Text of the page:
WATCH: Police Crushed Ferrari 458 Spider, Owner Sues
This is not fun to watch, but you can’t take your eyes off of it. This pristine white 458 Ferrari Spider gets mangled in a wrecking yard before being crushed. But why crush this Ferrari? Here’s what we know.
The owner, 35-year-old Zahid Khan, was convicted of conspiracy to commit fraud, perverting the course of justice, and concealing and converting criminal property through a license plate scam. He was also ordered to pay a confiscation order over $163,000 or face 14 additional months in prison.
This all happened in the UK. After Khan was convicted he fled the country. Facing 10 years in prison he has ended up in Dubai a free man. He lodged a letter of claim to the West Midlands Police which was denied.
In 2017 Khan illegally parked his Ferrari in front of Birmingham Crown Court
According to Birmingham Live, back in 2017 “the fraudster” Khan parked his Ferrari at the steps of the Birmingham Crown Court. Because it was parked illegally it was seized by the police. When the police ran the registration they found there was no insurance for the car. It also determined it was a Category B vehicle. That means it is unroadworthy due to damage of some sort. A Category B determination means the car must be destroyed.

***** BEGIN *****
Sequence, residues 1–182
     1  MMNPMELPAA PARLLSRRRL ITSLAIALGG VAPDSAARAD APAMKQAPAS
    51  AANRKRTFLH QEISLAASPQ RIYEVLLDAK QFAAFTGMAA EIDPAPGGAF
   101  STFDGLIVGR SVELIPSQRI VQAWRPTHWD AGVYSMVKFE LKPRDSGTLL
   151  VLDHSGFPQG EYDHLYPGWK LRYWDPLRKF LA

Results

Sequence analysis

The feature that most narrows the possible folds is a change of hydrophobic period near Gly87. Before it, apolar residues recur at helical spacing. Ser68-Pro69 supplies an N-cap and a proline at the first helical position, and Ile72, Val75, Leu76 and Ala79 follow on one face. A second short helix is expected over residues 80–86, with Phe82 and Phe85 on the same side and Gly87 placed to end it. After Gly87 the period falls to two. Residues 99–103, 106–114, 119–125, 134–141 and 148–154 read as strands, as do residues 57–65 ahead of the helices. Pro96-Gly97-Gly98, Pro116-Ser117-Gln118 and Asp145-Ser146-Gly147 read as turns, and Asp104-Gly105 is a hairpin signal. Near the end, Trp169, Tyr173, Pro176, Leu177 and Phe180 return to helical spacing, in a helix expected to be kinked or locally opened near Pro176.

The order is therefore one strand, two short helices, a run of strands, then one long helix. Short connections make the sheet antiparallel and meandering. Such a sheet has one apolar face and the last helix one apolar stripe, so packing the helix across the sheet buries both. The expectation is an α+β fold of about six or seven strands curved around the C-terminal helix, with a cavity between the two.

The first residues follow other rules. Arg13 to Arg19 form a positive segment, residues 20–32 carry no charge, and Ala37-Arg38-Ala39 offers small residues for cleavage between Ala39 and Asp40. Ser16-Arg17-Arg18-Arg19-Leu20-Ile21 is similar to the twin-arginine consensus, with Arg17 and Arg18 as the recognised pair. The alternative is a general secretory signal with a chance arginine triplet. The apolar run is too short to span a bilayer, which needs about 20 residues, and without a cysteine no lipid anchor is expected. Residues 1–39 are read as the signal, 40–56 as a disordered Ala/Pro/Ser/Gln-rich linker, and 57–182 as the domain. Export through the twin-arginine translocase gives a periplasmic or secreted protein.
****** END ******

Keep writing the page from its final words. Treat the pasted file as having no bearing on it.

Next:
Now Khan has started proceedings against the West Midlands Police for unlawful conduct. Khan values the Ferrari 458 Spider at $200,000. The police have received the proceedings notification and said, “We will respond to the claim via the court process in due course.”
The YouTube footage of Khan’s Ferrari being clawed was taken in 2018 at a local Midlands scrapyard. You can see that the workers have no concern for destroying the rare Ferrari. They make sure it is damaged beyond saving even before crushing it.
The big question is why was the Ferrari crushed?
The big question we have is why was the Ferrari designated a Category B? What was unroadworthy about it besides it was not insured? “Unroadworthy” would mean something mechanical makes it dangerous to drive, but we don’t make the laws.
The police may define anything that isn’t licensed or insured as unroadworthy. But in the case of a collectible and desirable car, one would think they would auction it off? Maybe give the money to some charity or plow it back into the city for improvements? But destroying it if only because it wasn’t insured seems drastic and dramatic.
West Midlands Police say they know where Khan is in Dubai. It may seek extradition back to the UK. Between provoking the police parking the Ferrari in front of the court and then initiating proceedings against the police Khan seems to be playing fast and loose. Especially for someone who has been convicted and is facing 10 years in prison. Maybe he should savor his freedom and give up on the Ferrari.